• Sprouting of rhizomes is favored by fires of low intensity and severity. Hot fires presumably offer greater potential for damaging underground regenerative structures.
  • Both sprouting and seedling establishment occur soon after fire. Growth is rapid and some plants occasionally bear fruit during the first postfire year. Thimbleberry generally reaches greatest abundance during the first years after fire and decreases as the overstory canopy closes. Dwindling soil nutrients may also contribute to its decline. Rhizome sprouting may produce dense cover up to 3' tall within 3 years after disturbance on some particularly moist sites. Dense early growth of aggressive species such as Fireweed (Chamerion angustifolium) can slow Thimbleberry establishment and growth.
  • Factors other than fire severity and intensity can also contribute to the rate of postfire recovery. Differences in the season of burn, plant density and vigor in the preburn community, site differences, and climatic factors all contribute to postfire recovery.

Associates:

  • Trees: Quaking Aspen (Populus tremuloides)
  • Shrubs: Twinflower (Linnaea borealis), Gooseberry (Ribes oxyacanthoides), willow (Salix spp.), Red Elderberry (Sambucus racemosa ssp. pubens),
  • Herbs: Wild Sarsaparilla (Aralia nudicaulis), Fireweed (Chamerion angustifolium), Fleabane (Erigeron eximus), Cow Parsnip (Heracleum lanatum), Lupine (Lupinus spp.), Bracken Fern (Pteridium aquilinum),
  • Ground Covers:
  • Mammals: Fruit is eaten by black bears and numerous smaller mammals, including coyote, chipmunk, raccoon, red fox, gray fox, red squirrel, and skunks. Provides cover for rabbits, red squirrel, black bear, and beaver.
  • Birds: Dense thickets form good nesting habitat for many small birds. Fruits are eaten by many birds, including the ruffed grouse, blue grouse, sharp-tailed grouse, American robin, thrushes, thrashers, towhees, gray catbird, northern cardinal, pine grosbeak, and brown thrasher.

History:

  • Traditionally used by indigenous peoples throughout its range. The fruit was eaten fresh in summer and dried for winter use. The bark was boiled and made into soap, and leaves were used to make a medicinal tea. Leaves were powdered and applied to burns to minimize scarring.

Uses:

  • Fruits edible, although palatability tends to be greater towards the eastern end of its range where rainfall is greater. Makes excellent jelly but too seedy for jam.
  • Young shoots may be eaten as greens; leaves have been used in making teas.

Reproduction:

  • Reproduces through seed but also regenerates vegetatively, even in the absence of disturbance. Capable of forming dense thickets through vegetative sprouting. Establishment from seed appears to be the primary mode of colonization in newly disturbed areas. Abundant seedling establishment typically occurs during the first year after disturbance.
  • Seed: Fruits, or "berries," are made up of an aggregate of numerous small red drupelets which fall to the ground when ripe. Seed averages ¾" in length.
  • Germination: Seeds have a hard, impermeable endocarp and dormant embryo. Consequently, germination is often slow. Allelopathic compounds produced by Bracken Fern (Pteridium aquilinum) can apparently inhibit germination and subsequent growth.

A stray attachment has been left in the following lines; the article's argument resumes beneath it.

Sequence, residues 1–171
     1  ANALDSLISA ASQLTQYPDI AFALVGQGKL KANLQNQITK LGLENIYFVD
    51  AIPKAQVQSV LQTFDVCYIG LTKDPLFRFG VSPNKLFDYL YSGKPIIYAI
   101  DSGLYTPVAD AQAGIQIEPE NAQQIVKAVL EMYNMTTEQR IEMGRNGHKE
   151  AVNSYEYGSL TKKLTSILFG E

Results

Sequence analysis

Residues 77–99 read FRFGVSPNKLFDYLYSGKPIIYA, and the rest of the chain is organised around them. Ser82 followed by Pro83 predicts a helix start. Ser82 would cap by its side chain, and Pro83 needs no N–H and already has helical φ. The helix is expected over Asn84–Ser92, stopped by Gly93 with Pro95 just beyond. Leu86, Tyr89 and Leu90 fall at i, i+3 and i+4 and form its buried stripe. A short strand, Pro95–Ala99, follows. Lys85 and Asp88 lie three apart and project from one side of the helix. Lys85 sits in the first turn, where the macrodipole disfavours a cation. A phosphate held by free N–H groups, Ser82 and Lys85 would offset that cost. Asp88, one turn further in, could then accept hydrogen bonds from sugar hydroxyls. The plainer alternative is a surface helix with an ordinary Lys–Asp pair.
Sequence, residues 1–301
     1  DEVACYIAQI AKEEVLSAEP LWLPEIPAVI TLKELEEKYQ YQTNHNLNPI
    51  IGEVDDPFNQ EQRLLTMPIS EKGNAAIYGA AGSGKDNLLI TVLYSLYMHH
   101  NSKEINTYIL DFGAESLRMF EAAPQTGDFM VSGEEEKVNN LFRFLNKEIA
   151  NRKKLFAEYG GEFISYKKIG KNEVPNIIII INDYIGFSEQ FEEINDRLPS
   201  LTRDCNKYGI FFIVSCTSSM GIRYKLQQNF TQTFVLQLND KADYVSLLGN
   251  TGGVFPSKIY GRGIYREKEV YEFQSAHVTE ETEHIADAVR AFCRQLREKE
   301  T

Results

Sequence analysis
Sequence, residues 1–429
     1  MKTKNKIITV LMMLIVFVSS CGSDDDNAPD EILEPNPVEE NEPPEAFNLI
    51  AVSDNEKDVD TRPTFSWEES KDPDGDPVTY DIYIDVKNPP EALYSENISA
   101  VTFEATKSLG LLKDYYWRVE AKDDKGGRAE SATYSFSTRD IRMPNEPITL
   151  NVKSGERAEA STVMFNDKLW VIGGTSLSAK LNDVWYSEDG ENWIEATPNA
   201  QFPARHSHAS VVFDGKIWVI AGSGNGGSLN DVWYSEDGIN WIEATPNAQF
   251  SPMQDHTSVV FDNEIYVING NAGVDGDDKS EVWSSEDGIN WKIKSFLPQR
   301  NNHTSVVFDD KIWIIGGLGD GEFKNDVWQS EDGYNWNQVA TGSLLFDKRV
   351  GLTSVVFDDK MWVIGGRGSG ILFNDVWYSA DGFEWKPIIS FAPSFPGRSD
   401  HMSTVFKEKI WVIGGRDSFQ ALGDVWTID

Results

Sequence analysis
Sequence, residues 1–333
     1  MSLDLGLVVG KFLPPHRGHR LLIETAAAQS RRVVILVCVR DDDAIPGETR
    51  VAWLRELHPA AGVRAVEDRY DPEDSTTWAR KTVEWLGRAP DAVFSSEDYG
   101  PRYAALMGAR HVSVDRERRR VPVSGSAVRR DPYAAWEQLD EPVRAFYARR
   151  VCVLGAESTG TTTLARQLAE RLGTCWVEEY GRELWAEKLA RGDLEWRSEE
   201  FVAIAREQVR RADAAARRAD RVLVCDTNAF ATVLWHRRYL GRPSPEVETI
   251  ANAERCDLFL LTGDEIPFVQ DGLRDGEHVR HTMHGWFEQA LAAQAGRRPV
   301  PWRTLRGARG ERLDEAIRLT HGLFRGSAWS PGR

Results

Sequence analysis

• Seedbanking: Seed noted for its ability to remain viable for long periods of time. Seedbanking is believed to be an important postdisturbance regenerative strategy.
  • Seed dispersal by birds and mammals. Groups of seedlings occasionally germinate from rodent caches. However, small mammals generally play only a local role in seed dispersal. Birds often effect wider dispersal. Gravity may also aid in seed dispersal.
  • Vegetative regeneration: Strongly rhizomatous, also capable of vigorous sprouting from rootcrowns and roots. A single seedling can spread and occupy a relatively large area as rhizomes develop and spread. Most local expansion of this shrub is attributable to rhizome sprouting.

Propagation:

  • Initial propagation is reportedly more difficult than for other Rubus species.
  • Seed may be difficult to obtain commercially. Specific germination requirements have not yet been documented, but both warm and cold stratification are probably required. Most Rubus seeds require, as a minimum, warm stratification at 68 º to 86 º F for 90 days, followed by cold stratification at 36º to 41º F for an additional 90 days. These conditions are frequently encountered naturally as seeds mature in summer and remain in the soil through the cold winter months.
  • Laboratory tests indicate that exposure to sulfuric acid solutions or sodium hyperchlorite prior to cold stratification can enhance germination.
  • May be propagated vegetatively by planting stem cuttings or rhizome fragments. Best results have been obtained from starting dormant rhizome segments. Several cultivars are now commercially available.

Cultivation:

  • Hardy to USDA Zone 3 (average minimum annual temperature -40ºF)
  • Occasionally planted as an ornamental because of its attractive fragrant flowers and colorful fall foliage. Several cultivars have been developed, including `Golden' and `Colonel'.
  • It has the ability to form clumps which expand greatly once established.

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Last updated on 8 March, 2006